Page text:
Joel and Melissa Thompson completed their relocation to Outlook, California at approximately the same time as the other persons whom Emily, Elbridge, and Diotima had tentatively selected for the cooperative community enterprise. Melissa was a CPA and quickly found a bookkeeping/accounting position with a small firm in Outlook. Joel had completed his college degree in law enforcement and had been serving as deputy police chief in Alton, Illinois before their relocation. He applied for a position with the Outlook police department, but since there was no immediate opening he took a temporary security officer job with a nearby college until a position in Outlook opened up.

          Fred and Elizabeth Collins were an older retired black couple who had been farming near Eau Claire, Wisconsin for seven years. Before turning to farming, Fred had been an FBI officer. They sold their farm and acreage and bought a good-sized farmstead near Outlook bordering a river. They discussed with Diotima, Elbridge, and Emily how they would supply most of the foodstuffs for the cooperative as soon as possible.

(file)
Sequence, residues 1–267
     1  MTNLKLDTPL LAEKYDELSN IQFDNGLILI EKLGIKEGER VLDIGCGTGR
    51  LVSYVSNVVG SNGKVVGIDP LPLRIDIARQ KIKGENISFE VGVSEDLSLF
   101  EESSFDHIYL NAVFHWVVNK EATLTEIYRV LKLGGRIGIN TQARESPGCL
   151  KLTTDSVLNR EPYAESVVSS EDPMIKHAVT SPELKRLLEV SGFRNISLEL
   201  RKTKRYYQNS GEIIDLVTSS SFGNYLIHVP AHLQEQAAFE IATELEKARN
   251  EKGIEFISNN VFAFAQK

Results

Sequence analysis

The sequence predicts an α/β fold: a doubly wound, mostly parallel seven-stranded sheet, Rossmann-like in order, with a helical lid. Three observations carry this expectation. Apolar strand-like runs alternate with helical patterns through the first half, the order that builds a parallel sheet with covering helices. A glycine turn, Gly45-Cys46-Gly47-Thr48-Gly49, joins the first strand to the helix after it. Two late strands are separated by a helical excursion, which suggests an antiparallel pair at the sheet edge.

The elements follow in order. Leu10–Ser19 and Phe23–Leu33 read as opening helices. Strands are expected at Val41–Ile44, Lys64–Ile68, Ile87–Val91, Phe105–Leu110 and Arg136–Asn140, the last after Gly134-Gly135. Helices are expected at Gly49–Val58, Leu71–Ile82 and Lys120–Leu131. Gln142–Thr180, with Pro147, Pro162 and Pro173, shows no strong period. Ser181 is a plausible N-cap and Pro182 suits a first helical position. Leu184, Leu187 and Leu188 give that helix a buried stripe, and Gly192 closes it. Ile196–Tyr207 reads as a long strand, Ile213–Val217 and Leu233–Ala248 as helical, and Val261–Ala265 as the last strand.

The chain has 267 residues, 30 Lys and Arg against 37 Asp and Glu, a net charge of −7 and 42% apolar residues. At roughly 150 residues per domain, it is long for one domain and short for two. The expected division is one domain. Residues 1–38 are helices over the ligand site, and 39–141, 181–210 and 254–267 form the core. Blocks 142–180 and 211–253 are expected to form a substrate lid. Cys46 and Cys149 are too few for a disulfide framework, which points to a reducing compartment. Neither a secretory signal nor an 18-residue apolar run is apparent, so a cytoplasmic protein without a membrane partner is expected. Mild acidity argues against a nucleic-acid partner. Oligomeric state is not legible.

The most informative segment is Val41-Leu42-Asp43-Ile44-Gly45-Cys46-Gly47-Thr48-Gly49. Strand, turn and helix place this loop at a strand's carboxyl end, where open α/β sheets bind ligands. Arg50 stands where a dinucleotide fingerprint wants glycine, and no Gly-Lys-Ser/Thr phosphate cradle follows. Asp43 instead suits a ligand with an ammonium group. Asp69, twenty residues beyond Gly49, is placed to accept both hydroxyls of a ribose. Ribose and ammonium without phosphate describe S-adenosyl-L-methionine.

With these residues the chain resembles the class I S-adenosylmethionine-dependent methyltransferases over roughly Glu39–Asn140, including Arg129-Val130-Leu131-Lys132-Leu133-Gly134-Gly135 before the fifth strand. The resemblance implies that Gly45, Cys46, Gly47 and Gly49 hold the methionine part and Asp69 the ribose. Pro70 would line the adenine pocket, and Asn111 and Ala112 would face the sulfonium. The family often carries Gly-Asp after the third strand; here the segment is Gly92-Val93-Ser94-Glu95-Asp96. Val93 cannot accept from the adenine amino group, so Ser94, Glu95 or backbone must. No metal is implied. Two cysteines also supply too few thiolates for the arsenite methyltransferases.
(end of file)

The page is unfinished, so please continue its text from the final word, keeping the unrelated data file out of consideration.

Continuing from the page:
All the other persons selected quickly relocated and since Elizabeth and Fred's farm house was so spacious, they invited Emily Blake, Jose Minendez, and Abraham to board with them and all three were pleased to accept. Fred and Elizabeth had the largest living room, so the group of fifteen met there for the planning and implementation of the cooperative community.

Will the Circle Be Unbroken?

            Within three months all nine of the non-retired persons had settled into positions in or near Outlook. At the first meeting of the group, Emily, Diotima, and Elbridge explained how they had selected specific persons on the basis of their skills and capabilities. They had made a chart of the various skills of the group.

Cooperative Commonwealth Community

Person Primary Skill Secondary Skill

Diotima Mason


Herbal Medicine Specialist

Elbridge Henry


Group Facilitator

Emily Blake

Real Estate Specialist

Technical Writer

Julia Mercer

High School Science and Math Teacher

Household Chemist

Patrick Mercer

Information Systems/Computer Specialist

Webmaster/DHTML Specialist

Melissa Thompson


Economics Specialist

Joel Thompson

Law Enforcement Specialist

Intelligence Specialist

Elizabeth Collins

Foodstuffs Preservation

Livestock Specialist

Fred Collins

Farming Specialist

Criminal investigation

Nina Webb

Physician (GP)


Rick Webb

Telecommunication Specialist

Radio/TV Anchor

Joan White


Public Relations Specialist

Darby White

Banking and Finance Specialist